Why did I send my work off with a typo? I was tired – I’d been working solidly on it for for two weeks. I was complacent – I thought I’d read through it enough. I was impatient – it wasn’t due in until the next day but I couldn’t wait. These may be reasons, but they’re not excuses. What I should have done is waited until the next day and looked at it with fresh eyes before sending it off. It was within my power to do that, but I didn’t.

That might not sound very positive but it is, because I can do things differently next time. It’s no one else’s fault but mine, and I alone have full control over my actions and behaviours. I don’t need to repeat my mistakes, because I recognise what I did wrong and I can change that in the future. I might sound like Dr. Phil Lite but that doesn’t make it less true.

All human beings make mistakes. Me, you, our parents, teachers, politicians and religious leaders. None of us are immune. Once you’ve stopped beating yourself up or crying (both of which are fine and natural) try and remember that there is a positive spin to making mistakes. That you aren’t alone. And that you can do better next time.

Posted in Tips for Young Writers

Be Brave – Read Your Work to Others

Yesterday evening, I had to do something scary. Or, be brave – which is the same but makes me sound better. So, I was being brave. I went to a writing group meeting at my local library and everyone in attendance read out a five minute piece of work. In front of everyone else. I didn’t know anyone.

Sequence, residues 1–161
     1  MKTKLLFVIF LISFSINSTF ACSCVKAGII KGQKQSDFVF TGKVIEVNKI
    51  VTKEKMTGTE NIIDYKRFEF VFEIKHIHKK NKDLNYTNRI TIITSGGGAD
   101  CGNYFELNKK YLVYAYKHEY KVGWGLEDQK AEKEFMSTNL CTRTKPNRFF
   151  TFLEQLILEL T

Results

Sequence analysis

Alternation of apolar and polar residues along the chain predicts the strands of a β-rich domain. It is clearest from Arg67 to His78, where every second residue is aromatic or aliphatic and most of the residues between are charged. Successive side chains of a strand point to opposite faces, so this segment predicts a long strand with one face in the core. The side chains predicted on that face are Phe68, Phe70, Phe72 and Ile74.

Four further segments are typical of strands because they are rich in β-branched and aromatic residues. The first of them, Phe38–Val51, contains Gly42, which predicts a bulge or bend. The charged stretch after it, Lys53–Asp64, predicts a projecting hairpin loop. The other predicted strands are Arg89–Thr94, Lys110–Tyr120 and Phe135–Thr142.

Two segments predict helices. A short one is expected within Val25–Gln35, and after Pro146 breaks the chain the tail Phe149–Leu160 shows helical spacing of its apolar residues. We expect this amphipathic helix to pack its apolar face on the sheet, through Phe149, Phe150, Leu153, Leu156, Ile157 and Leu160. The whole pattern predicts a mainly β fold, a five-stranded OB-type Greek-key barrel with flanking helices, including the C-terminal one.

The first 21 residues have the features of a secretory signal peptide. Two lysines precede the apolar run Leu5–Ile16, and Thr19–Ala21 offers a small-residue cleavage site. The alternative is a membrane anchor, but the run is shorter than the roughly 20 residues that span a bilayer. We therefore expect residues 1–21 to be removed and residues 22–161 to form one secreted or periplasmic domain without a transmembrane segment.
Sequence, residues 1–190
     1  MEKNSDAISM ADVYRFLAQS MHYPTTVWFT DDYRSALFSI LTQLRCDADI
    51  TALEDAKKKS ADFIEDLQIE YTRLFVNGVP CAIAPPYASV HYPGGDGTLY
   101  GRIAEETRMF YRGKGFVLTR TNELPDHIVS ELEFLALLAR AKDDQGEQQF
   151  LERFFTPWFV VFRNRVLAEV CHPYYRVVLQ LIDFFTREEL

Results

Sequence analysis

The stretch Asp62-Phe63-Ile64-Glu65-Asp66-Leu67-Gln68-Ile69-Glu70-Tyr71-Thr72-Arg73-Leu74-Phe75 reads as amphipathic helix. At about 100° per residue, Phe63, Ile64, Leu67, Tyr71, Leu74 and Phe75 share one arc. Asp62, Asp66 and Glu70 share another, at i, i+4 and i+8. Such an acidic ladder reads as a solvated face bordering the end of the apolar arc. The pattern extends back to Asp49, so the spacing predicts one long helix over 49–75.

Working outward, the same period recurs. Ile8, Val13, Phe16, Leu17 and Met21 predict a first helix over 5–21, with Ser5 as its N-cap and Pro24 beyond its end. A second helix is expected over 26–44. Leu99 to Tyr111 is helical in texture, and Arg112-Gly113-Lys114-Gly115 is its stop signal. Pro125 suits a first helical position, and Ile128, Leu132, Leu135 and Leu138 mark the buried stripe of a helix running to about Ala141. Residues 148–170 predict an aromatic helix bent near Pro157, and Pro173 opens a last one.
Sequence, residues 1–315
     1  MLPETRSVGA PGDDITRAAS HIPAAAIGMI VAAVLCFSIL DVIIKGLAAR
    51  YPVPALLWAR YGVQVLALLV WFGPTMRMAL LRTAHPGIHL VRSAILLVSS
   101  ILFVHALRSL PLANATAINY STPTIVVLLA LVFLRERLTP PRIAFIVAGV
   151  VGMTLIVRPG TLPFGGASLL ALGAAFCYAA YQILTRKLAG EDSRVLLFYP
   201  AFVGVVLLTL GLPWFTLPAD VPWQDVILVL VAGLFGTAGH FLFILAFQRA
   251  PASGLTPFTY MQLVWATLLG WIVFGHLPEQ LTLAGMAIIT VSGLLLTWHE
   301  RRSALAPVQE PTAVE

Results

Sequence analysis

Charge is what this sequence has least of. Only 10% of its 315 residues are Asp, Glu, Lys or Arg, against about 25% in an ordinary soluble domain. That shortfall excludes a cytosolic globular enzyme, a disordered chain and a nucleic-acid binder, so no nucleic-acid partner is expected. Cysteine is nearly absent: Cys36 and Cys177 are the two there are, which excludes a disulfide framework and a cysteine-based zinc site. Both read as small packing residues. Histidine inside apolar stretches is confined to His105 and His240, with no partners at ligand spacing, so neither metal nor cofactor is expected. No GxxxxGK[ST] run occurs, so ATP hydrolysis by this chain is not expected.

See how brave I am?

The thing is, even though I read too fast and half-way through was distracted by the thought that I hadn’t washed my teeth after dinner (I didn’t remember until the end that I hadn’t had dinner yet), it was great. I met nice people, with similar interests, who gave me some feedback on my work (and my reading speed). No one booed me off the stage or made me cry, no stood up and shouted, “you’re a fake!” and I managed to not spontaneously combust.

And if I can do it, you can too.

What’s more, chances are your library or neighbourhood house does something similar. And, if not, you my find that there’s a writers’ group in your community. From attending this one event, I’ve learnt about a group in a town ten minutes from mine and I’m going to visit next week. Maybe we’ll be a good fit for each other, maybe we won’t but I won’t lose anything by going and there really is so much to gain from having your work critiqued (fancy word for constructive feedback) by others.